European jazz in Siberia: EniJazz Festival in Krasnoyarsk

by Cyril Moshkow, Jazz.Ru Magazine

On October 16 and 17, 2013, the Philharmonic society in the Siberian city of Krasnoyarsk presents the third edition of EniJazz, regional jazz festival produced by Krasnoyarsk Philharmonic’s jazz programmer, Boris Borodushkin.

With its population above one million, Krasnoyarsk is the biggest city in Eastern Siberia and 13th-biggest in Russia. The new Philharmonic building with its three different auditoriums hosts regional symphony orchestra, a chamber orchestra, a Russian folk instruments orchestra, and regional ballet company. Since 2011, the Philharmonic produces the annual EniJazz Festival (name derived from Siberia’s biggest river Krasnoyarsk is sitting on, Enisei.)

Yakov Okun

Yakov Okun (photo © Vladimir Korobitsyn, Jazz.Ru Magazine)


The 3rd EniJazz festival starts with Yakov Okun residence. Moscow-based pianist Yakov Okun, 41, is described by American jazz critic Tedd Panken as “an individualistic voice, an important player, able in his improvisations to refract an entire timeline of jazz vocabulary in a cogent, compositional manner,” who is “a major force in Russian Jazz since the mid ‘90s.” What placed Okun on the international stage was not only his work with the likes of Donny McCaslin, Johnny Griffin, Lew Tabackin, Eddie Henderson, Alex Sipiagin, Craig Handy, Deborah Brown and many others who toured Russia with Yakov Okun Trio, but also his 2011 Criss Cross debut, “New York Enconter” (with Ben E. Street on bass and Billy Drummond on drums,) the first-ever U.S./European jazz release by a Russian leader who did not move to the U.S., but kept working on his homeland soil. Together with his band that includes two Americans, renowned alto sax man Steve Slagle and drummer Joe Farnworth, Yakov will hold a residence workshop for four days just prior to the festival, coaching several young jazz musicians, students at the Krasnoyarsk Music Academy and local music colleges, as well as a few students from other Siberian cities who competed earlier this month to take part in the workshop.

The festival’s main program that features musicians from Poland, Estonia, Italy, Russia, and the U.S., opens on October 16 with a solo performance by renowned Polish pianist, Leszek Możdżer.

Leszek Możdżer (photo © Anna Filipieva, Jazz.Ru Magazine)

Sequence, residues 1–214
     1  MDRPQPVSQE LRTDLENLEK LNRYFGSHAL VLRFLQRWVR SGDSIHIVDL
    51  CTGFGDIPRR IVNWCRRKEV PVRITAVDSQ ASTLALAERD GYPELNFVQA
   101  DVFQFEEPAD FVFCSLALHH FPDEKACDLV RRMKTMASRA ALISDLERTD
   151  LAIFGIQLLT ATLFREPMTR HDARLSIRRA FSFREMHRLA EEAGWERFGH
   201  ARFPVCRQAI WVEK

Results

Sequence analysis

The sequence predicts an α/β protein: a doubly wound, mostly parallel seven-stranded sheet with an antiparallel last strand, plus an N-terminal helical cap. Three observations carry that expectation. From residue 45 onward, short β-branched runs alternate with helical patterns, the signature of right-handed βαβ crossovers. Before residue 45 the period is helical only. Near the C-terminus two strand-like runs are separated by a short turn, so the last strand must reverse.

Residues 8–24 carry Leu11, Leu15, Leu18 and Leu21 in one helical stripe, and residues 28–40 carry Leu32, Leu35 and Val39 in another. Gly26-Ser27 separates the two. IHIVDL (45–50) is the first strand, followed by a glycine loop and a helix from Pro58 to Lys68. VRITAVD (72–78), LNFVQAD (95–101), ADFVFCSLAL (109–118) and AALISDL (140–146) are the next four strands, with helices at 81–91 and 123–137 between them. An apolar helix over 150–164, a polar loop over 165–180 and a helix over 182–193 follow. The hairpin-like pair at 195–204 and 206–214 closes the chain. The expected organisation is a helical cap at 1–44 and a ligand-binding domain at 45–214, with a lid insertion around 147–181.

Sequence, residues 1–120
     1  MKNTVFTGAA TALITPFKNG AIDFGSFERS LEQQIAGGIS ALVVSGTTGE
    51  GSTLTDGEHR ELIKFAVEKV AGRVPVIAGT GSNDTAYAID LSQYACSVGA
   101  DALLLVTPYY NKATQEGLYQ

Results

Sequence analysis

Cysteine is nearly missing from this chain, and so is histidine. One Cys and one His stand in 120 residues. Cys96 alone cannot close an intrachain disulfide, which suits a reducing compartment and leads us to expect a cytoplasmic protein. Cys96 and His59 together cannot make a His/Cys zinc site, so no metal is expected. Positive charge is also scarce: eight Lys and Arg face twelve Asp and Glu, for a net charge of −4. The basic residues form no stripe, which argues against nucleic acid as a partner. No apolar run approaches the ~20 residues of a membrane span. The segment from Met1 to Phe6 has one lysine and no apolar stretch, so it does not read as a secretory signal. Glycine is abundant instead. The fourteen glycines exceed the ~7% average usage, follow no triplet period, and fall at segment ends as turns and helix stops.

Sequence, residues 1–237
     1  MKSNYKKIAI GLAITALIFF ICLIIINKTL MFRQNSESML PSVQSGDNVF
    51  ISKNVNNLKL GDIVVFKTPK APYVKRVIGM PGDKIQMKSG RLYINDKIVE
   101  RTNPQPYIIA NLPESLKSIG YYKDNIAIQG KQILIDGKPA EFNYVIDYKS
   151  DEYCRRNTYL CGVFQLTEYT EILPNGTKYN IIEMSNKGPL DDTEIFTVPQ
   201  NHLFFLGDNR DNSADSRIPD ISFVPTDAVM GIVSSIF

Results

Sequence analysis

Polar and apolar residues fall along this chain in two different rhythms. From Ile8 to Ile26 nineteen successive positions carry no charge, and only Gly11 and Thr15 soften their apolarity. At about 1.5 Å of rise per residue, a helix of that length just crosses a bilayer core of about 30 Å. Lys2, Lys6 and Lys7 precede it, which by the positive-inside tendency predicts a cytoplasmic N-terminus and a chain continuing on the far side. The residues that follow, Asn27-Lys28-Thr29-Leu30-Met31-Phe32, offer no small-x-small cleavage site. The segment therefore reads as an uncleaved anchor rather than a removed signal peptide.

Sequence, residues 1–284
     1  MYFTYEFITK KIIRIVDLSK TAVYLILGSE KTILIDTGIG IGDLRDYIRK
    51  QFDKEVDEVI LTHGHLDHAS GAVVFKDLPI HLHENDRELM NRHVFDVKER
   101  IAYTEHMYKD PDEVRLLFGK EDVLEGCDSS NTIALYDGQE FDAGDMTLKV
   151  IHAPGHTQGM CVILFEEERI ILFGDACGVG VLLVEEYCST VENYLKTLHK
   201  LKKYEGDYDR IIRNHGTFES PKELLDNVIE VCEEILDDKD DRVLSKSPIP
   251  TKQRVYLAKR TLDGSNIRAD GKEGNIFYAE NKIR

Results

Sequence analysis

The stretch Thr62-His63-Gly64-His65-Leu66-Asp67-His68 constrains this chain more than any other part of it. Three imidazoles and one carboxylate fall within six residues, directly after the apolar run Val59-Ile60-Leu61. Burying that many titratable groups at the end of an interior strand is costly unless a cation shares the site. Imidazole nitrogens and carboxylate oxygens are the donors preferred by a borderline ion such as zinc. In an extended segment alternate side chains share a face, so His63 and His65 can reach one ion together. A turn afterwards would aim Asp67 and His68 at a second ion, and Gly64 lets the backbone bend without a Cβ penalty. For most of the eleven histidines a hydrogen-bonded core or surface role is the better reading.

Leszek Możdżer (photo © Anna Filipieva, Jazz.Ru Magazine)

The same evening, Estonian band, Peedu Kass Momentum, will present to Siberian audiences the music of their leader, 27-years-old bassist Peedu Kass who teamed up with Estonia’s premier jazz pianist, Kristjan Randalu, and drummer Toomas Rull.

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On October 17, the festival concert at the 1,600-seat Main hall of the Philharmonic Building opens with a set from Mikhail Okun Trio. Pianist Mikhail Okun debuted in Leonid Utiosov Orchestra in mid-1970s, then worked in Herman Lukianov’s KADANS, and for more than two decades, up to 2010, was playing piano in country’s (and, arguably, world’s) oldest jazz big band, Oleg Lundstrem Orchestra which established in 1934. In his trio, Mikhail’s son Yakov Okun is playing drums, as he is not only a top-level jazz pianist, but also an accomplished jazz drummer.

Yakov Okun Quintet, with Nasheet Waits on drums, plays the second set.

The night’s final performance is given to Italian jazz quartet led by saxophonist Carla Marciano.

All concerts are hosted on stage by Iouri Lnogradski, associate editor at the Jazz.Ru Magazine, who also produces the MuzEnergo festival in his home town of Dubna, Moscow region. Traditionally, an on-stage host lays an important role at most jazz festivals in Russia, by not only presenting the musicians, but also providing background, and explaining about the music, thus not only filling the stage change time, but also providing an educational element in the festival’s programming.

More details in Europe Jazz Media member Jazz.Ru Magazine (in Russian) >>>>

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